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U.S. airborne drones now striking in half-a-dozen countries. The world and future of drone warfare.
In the Hollywood version, the Star Wars version of war, the guys using drones to fire down on rebels are rarely the good guys.
Drones are too cold, faceless, lethal to win the crowd. But around the world, drones –- for reconnaissance and for lethal attack –- are increasingly the face of the U.S. military.
In half a dozen countries now, they can and do rain down sudden, devastating violence. They’re cheaper than “boots on the ground.” They’re easier and quieter to deploy. They’re the future, experts say.
And very busy right now. But where does drone war go?
This hour On Point: Drone war.
Peter Singer, senior fellow and director of the 21st Century Defense Initiative at the Brookings Institution. He is also the author of "Wired for War: The Robotics Revolution and Conflict in the 21st Century."
John Arquilla, professor and director of the Information Operations Center, department of defense analysis, at the U.S. Naval Postgraduate School and author of Worst Enemy: The Reluctant Transformation of the American Military.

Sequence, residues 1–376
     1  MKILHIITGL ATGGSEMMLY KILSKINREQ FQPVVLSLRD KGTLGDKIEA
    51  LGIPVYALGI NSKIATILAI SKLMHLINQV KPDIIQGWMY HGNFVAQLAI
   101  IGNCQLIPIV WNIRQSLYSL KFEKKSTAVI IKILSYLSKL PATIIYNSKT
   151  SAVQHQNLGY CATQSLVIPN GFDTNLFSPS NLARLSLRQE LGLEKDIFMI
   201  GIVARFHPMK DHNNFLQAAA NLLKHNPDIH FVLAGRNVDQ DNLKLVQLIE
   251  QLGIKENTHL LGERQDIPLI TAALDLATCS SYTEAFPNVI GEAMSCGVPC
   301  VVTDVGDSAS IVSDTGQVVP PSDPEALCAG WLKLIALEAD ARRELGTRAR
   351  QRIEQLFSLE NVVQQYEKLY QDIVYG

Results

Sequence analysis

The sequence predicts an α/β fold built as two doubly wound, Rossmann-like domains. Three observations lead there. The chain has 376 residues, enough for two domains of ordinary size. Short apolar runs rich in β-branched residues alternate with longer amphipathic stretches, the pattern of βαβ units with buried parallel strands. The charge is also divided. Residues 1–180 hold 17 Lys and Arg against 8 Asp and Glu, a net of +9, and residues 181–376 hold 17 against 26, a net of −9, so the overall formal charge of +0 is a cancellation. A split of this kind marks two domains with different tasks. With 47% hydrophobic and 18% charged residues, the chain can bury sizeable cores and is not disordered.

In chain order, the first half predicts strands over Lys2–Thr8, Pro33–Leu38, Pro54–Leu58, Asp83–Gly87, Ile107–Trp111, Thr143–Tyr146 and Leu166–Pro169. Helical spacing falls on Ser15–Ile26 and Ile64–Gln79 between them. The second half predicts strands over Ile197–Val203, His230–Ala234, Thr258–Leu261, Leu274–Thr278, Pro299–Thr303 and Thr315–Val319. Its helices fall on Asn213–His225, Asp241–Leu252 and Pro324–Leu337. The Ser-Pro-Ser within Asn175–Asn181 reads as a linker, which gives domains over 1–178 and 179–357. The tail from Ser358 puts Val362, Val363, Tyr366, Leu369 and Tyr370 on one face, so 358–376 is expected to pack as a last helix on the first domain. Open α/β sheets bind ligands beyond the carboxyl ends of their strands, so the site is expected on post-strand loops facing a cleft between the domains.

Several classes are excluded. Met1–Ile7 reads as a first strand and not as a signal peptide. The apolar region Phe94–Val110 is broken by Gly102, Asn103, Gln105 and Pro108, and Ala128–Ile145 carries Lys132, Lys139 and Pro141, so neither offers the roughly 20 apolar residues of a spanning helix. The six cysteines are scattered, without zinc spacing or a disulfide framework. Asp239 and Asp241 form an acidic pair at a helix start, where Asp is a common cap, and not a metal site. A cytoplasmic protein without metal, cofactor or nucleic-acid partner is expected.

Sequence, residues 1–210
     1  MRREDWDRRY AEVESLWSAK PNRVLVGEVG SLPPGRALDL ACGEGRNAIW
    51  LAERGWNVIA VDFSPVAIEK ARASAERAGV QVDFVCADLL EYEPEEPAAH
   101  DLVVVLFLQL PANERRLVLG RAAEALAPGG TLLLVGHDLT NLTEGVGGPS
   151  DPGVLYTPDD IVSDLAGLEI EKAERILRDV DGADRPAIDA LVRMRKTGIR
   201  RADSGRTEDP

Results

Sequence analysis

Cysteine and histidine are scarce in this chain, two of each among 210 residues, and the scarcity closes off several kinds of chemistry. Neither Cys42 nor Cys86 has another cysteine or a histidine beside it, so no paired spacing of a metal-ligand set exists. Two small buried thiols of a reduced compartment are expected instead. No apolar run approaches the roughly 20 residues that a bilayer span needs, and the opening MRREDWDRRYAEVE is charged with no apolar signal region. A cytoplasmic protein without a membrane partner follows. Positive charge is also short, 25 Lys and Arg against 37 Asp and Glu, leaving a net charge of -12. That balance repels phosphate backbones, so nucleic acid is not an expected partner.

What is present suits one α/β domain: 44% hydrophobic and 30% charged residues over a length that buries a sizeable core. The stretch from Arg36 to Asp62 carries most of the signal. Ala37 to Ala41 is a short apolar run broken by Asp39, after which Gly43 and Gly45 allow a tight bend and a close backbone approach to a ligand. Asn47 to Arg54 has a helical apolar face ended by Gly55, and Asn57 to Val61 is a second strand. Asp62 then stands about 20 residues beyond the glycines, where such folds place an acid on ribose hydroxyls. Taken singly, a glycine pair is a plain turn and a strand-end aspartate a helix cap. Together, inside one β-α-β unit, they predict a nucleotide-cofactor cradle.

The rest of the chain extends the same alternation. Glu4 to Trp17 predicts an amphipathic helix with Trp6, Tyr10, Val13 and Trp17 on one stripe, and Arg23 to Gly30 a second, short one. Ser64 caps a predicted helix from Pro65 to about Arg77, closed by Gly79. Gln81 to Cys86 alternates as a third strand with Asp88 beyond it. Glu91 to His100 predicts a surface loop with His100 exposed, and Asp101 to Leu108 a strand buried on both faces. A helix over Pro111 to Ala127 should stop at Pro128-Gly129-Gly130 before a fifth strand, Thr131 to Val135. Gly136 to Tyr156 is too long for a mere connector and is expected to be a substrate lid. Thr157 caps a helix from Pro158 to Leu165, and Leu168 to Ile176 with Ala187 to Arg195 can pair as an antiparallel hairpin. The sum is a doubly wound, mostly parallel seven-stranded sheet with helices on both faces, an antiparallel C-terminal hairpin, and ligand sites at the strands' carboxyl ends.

Matt Martin, U.S. Air Force pilot, he ‘flew’ Predator combat and surveillance missions over Afghanistan and Iraq from 2004 to 2008. He now trains future UAV [unmanned aerial vehicle] pilots for the Air Force. Author of “Predator: The Remote-Control Air War over Iraq and Afghanistan: A Pilot's Story.”
The New America Foundation keeps a running tall of reported drone strikes. You can see their work here.
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From Tom's Reading List:
- Foreign Affairs: "On average, only one out of every seven U.S. drone attacks in Pakistan kills a militant leader. The majority of those killed in such strikes are not important insurgent commanders but rather low-level fighters, together with a small number of civilians. In total, according to our analysis, less than two percent of those killed by U.S. drone strikes in Pakistan have been described in reliable press accounts as leaders of al Qaeda or allied groups."
- CBS News: "In the seven weeks since the killing of Osama bin Laden, pundits and experts of many stripes have concluded that his death represents a marker of genuine significance in the story of America’s encounter with terrorism. Peter Bergen, a bin Laden expert, was typically blunt the day after the death when he wrote, "Killing bin Laden is the end of the war on terror. We can just sort of announce that right now."
- New York Times: "Two miles from the cow pasture where the Wright Brothers learned to fly the first airplanes, military researchers are at work on another revolution in the air: shrinking unmanned drones, the kind that fire missiles into Pakistan and spy on insurgents in Afghanistan, to the size of insects and birds."
Here's a report on drone technology from the Air Force.
Here's a critical report on the nature of the drone campaign from Russian Television.
This program aired on July 11, 2011.
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